Reality Maintenance + The Well-Being Machine

Reality Maintenance

EXCERPT: The idea that reality is something that is constructed by our minds out of sense experience, and therefore requires design, programming, and maintenance, is a curiously divisive one. To some people — myself included — it is the most obvious, even banal idea in the world; a basic starting assumption required to do any sort of interesting metaphysical thinking. As I’ve argued before, all realities are escaped realities, and the interesting question is, what is the direction/degree of escape?

To others, it is a horrendously toxic attack on all that is Good and True and a French Cultural Marxist Conspiracy Against Enlightenment Values. These people are known as normies.

Setting aside these debates, it’s interesting to try and trace how we construct and maintain realities. Here’s my picture...


The Well-Being Machine

EXCERPT: Social policy is a machine for turning force into utils.

This is an extreme reduction of a view that is widely held (if unconsciously), but, I will argue, wrong. As my friend David Chapman says, “Philosophy has no good new thoughts to teach you. However, you can learn why the thoughts you didn’t know you had are wrong.” The subjects here are two of the messiest folk concepts in existence, and they are the most central to whatever it is that we care about: causality and well-being.

“Correlation is not causation” is the mantra version of an argument by Hume, that even though we perceive regularities that appear to us as cause and effect, we can never perceive causation directly. This makes the most sense in contexts like public policy and science, in which the observation that two factors occur at the same time (or sequentially) cannot be taken as a guarantee that one factor causes the second. The Humean view goes beyond such cases, though: even the observational evidence of our own arm throwing an object is not actually a perception of causation. There is always some underlying aspect of the model that we cannot perceive: the exact way the brain works, or the underlying subatomic structure of the universe, or the like.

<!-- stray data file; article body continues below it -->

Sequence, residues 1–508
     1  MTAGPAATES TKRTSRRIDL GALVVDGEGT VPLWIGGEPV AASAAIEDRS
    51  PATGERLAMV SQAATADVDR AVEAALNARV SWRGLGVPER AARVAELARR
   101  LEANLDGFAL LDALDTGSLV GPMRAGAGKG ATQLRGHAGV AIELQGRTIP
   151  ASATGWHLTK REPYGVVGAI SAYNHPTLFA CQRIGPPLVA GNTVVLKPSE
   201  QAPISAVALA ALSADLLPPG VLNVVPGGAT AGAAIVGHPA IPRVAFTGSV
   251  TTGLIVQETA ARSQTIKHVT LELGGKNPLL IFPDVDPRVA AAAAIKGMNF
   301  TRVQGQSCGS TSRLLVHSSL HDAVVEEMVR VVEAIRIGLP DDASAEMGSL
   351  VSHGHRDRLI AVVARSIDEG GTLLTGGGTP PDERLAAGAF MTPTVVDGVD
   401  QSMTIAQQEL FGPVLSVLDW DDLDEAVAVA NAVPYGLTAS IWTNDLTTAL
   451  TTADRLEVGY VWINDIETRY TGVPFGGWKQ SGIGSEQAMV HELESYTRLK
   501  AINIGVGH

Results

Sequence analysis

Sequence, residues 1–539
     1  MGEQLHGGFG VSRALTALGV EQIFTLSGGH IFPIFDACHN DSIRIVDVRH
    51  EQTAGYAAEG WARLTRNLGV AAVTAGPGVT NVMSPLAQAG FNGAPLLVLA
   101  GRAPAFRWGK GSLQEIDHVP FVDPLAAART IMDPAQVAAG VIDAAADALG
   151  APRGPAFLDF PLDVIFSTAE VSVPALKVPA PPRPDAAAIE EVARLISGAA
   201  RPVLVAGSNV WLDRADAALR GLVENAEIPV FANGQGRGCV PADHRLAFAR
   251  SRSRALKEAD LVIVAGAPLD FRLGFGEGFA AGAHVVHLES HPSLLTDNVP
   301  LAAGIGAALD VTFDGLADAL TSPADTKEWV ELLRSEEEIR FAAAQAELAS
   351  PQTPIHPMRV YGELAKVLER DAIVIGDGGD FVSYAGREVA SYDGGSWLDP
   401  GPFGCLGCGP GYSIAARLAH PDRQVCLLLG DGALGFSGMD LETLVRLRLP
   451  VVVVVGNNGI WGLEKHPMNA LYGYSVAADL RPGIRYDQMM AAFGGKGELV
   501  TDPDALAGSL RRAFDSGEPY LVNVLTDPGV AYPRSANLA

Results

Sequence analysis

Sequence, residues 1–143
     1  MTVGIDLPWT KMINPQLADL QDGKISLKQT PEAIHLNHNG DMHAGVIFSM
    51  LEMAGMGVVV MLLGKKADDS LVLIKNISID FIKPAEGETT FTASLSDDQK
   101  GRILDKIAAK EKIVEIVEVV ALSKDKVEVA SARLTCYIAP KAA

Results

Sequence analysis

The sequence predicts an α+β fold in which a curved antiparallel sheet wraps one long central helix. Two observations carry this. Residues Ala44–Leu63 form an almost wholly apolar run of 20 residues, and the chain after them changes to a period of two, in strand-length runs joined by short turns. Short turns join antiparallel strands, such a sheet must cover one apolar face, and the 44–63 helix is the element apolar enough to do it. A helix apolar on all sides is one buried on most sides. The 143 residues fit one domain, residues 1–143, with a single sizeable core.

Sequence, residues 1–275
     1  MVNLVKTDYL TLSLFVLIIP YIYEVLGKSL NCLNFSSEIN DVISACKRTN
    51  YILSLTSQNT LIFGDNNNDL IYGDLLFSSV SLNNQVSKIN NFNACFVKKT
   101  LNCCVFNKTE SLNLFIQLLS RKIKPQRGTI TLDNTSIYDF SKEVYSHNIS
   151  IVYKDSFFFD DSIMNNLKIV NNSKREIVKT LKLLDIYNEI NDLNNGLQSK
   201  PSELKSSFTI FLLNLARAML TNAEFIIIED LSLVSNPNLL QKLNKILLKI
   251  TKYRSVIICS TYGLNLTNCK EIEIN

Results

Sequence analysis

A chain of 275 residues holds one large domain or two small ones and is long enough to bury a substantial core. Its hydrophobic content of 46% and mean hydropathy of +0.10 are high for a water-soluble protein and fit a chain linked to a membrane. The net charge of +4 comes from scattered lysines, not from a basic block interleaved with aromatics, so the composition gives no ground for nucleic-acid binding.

[...] The philosopher Nancy Cartwright argues that the concept of causality is too abstract to be really useful – we do things like “scrape, burn, push, eat (in Cartwright, “Can structural equations explain how mechanisms explain?” 2017),” sing, throw, seduce, persuade, kick, carry, but there is no similar “causation” thing underlying these “thick,” fairly well-understood relations; we just “pick out (ibid.)” certain relations as causal. The causality implied with “seduce” and “persuade” is very different from the causality of billiard balls knocking into one another and transferring energy. Perhaps they have nothing much in common.

Rather than “folk concept,” Nancy Cartwright uses the term “Ballung concept” to describe causality. Ballung concepts, she says, are

characterized by family resemblance between individuals rather than by a definite property. Ballung is a German word for a concentrated cluster; the term Ballungsgebiet (Ballung region) is used to describe sprawling congested urban complexes like the area from New York to Washington on the East Coast of the US. (Nancy Cartwright and Rosa Runhardt, Measurement, in Philosophy of Science: A New Introduction (2014).)

I cannot tell if the connotation of another English word beginning with “cluster” is intended, but it seems warranted. Nonetheless, Ballung concepts can be systematized in different ways for different purposes [...]

. . .

Some popular policy is incredibly simplistic: it operates as if it can simply adjust the emergent outcomes of a nomological machine, to “set” the system with certain values. Price controls, wage controls, rent control, and efforts to make inflation “illegal” during Communist death spirals are examples of this. Since low rents, high wages, low prices, and low inflation are desirable properties within the current system, it is imagined that mandating these desirable results will have the same effect as prices, rents, wages, etc. in a market economy. It is difficult to see the nomological machine implied by such policies, but the machine implied does not have second-order effects (decreased housing supply, decreased employment of those with lowest productivity, shortages, etc.). In the excessively simplistic nomological machine implied by these policies, the values can simply be set by outside force. Drug prohibitions seem to operate by a similar “variable setting” principle: simply imagine if there were no drugs (as opposed to examining the workings of the underlying nomological machine when force is used in different circumstances to prevent different aspects of drug use). Some policy interventions propose a more sophisticated model, such as that some things are public goods that are non-excludable and subject to free-rider problems. But there are still disagreements as to when these input-output-type assertions (something like economic laws) accurately describe the ground of the nomological machine.

Compounding the problem of ignorance of the true underlying causal structure of societies...



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